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Native American Languages: The Ojibwe Language of the Chippewa Indian Tribe

written by: Sonal Panse • edited by: Rebecca Scudder • updated: 11/26/2012

The Ojibwe language is one of the most widely spoken of the Native American languages. It has been used as a trade language by both the Ojibwe and non-natives. Here's a brief look at the Ojibwe language and at some Ojibwe phrases.

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    Spoken by the Anishinabe Indians

    The Ojibwe language, a member of the Algonquian linguistic family, is the language of the Anishinabe Indians. The Anishinabe are also known as Ojibwe and Chippewa, but they themselves prefer to be called Anishinabe or 'Original People'. The word Ojibwe refers to the distinctive puckered moccasins worn by these people and the word Chippewa appears to have arisen from French mispronunciation of Ojibwe.

    As it is spoken by the Anishinabe, the Ojibwe language is also called Anishinaabemowin, Anihshininiimowin or Ojibwemowin. This is how the Anishinabe themselves refer to it.

    The Anishinabe lived in the Great Lakes Region, with tribes spread out across the area between Michigan and Ontario. As there were many different Anishinabe tribes - due to different locations as well as different politics - different, mutually understandable dialects arose. Some of these dialects include:

    • Eastern Ojibwe
    • Western Ojibwe
    • Southwestern Ojibwe
    • Northwestern Ojibwe
    • Severn Ojibwe
    • Ottawa
    • Algonquin

    The Ojibwe language is one of the most widely spoken of the Native American Indian languages. It has been used over the years as a common trade language by other Native Americans and non-Indians as well. A pidgin form of Ojibwe known as Broken Oghibbeway also has been used.

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    The Ojibwe Grammar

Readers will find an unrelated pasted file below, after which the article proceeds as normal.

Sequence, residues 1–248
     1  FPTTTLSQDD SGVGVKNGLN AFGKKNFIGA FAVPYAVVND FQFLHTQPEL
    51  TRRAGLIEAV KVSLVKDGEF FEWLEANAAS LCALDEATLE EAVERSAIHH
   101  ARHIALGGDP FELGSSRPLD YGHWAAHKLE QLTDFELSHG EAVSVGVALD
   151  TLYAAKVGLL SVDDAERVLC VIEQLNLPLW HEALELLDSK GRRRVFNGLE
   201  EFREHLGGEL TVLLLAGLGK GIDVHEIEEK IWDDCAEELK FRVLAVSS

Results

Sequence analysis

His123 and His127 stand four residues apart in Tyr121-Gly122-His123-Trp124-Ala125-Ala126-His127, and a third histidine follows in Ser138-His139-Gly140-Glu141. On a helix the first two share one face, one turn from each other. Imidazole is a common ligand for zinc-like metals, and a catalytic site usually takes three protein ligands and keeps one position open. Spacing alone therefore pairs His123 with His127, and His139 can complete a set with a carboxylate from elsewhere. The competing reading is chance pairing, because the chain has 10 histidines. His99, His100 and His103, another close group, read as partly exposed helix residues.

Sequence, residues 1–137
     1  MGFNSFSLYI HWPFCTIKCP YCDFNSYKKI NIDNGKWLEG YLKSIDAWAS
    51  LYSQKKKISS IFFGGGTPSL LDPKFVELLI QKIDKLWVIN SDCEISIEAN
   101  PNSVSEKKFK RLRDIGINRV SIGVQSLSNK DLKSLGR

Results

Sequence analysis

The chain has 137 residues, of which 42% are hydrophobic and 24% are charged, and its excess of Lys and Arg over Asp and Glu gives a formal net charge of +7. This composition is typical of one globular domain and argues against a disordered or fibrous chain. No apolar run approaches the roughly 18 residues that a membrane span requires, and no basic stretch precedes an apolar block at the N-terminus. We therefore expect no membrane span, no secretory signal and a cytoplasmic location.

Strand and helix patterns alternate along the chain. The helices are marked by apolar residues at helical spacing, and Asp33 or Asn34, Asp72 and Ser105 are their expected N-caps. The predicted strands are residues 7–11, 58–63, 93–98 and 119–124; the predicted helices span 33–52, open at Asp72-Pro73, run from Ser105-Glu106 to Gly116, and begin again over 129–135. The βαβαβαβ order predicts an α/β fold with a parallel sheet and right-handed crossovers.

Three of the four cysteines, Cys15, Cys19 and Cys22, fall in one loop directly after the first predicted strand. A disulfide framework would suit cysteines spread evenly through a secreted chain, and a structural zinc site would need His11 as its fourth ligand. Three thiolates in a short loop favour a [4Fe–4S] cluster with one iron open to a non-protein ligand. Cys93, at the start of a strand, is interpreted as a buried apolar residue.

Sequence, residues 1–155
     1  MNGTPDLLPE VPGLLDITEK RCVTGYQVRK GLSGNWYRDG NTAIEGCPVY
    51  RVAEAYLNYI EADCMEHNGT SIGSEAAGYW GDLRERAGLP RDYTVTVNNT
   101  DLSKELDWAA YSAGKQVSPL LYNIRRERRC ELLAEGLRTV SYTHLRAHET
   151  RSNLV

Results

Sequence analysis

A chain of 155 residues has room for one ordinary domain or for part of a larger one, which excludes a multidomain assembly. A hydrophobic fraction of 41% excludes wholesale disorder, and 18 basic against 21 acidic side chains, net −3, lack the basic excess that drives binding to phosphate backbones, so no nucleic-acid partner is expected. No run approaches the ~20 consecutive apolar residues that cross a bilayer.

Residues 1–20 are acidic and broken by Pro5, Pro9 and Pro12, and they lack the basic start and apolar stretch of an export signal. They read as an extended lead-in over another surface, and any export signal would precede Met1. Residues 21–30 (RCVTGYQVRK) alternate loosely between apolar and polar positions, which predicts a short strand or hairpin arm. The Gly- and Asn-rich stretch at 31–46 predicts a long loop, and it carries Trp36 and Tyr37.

Here are some characteristics of the Ojibwe Grammar:

    • The Ojibwe language contains nouns, pronouns, prenouns, verbs, preverbs and particles.
    • There are singular and plural nouns.
    • There are two genders, animate and inanimate.
    • The grammar shows number, tense, negation and modality.
    • It has the obviative and the proximate third persons marked in both verbs and nouns.
    • Words are formed by added inflections, prefixes and suffixes.
    • There are few loan-words from other languages. If needed, new words are created from the existing vocabulary.
    • The sentence word orders are usually VOS (Verb-Object-Subject) and VSO (Verb-Subject-Object).
    • Ojibwe consonants sound the same as English consonants.
    • Ojibwe has double vowels like 'zh' (pronounced 'juh'), 'a' (pronounced 'uh'), 'aa' (pronounced 'ah'), 'i' (pronounced 'e'), 'ii' (pronounced 'ee'), 'o' (pronounced 'oh'), 'oo' (pronounced 'uoo') and 'e' (pronounced 'ay').

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    Some Ojibwe Phrases

    • Come here - Bi jian oma
    • Hello, how are you? - Aanii, aaniin ezhiayaayan?
    • Thank you, I am well - Migwetch nin mino bimadis
    • I am happy to hear it - Nin minwendam nondaman iwi
    • What is your name? - Aaniin ezhinikaazoyan?
    • My name is XYZ - Niin XYZ nindizhinikaaz
    • Where are you from? - Aandi wenjibaayan?
    • I come from home - Endaing nine ondjiba
    • What time is it?- Aaniin endaso-diba’ iganed?
    • Seven o’ clock - Niizhwaaso-diba’ iganed
    • What do you say? - Aaniin ekitoain?

    Visit Early Canadiana Online for more Ojibwe phrases.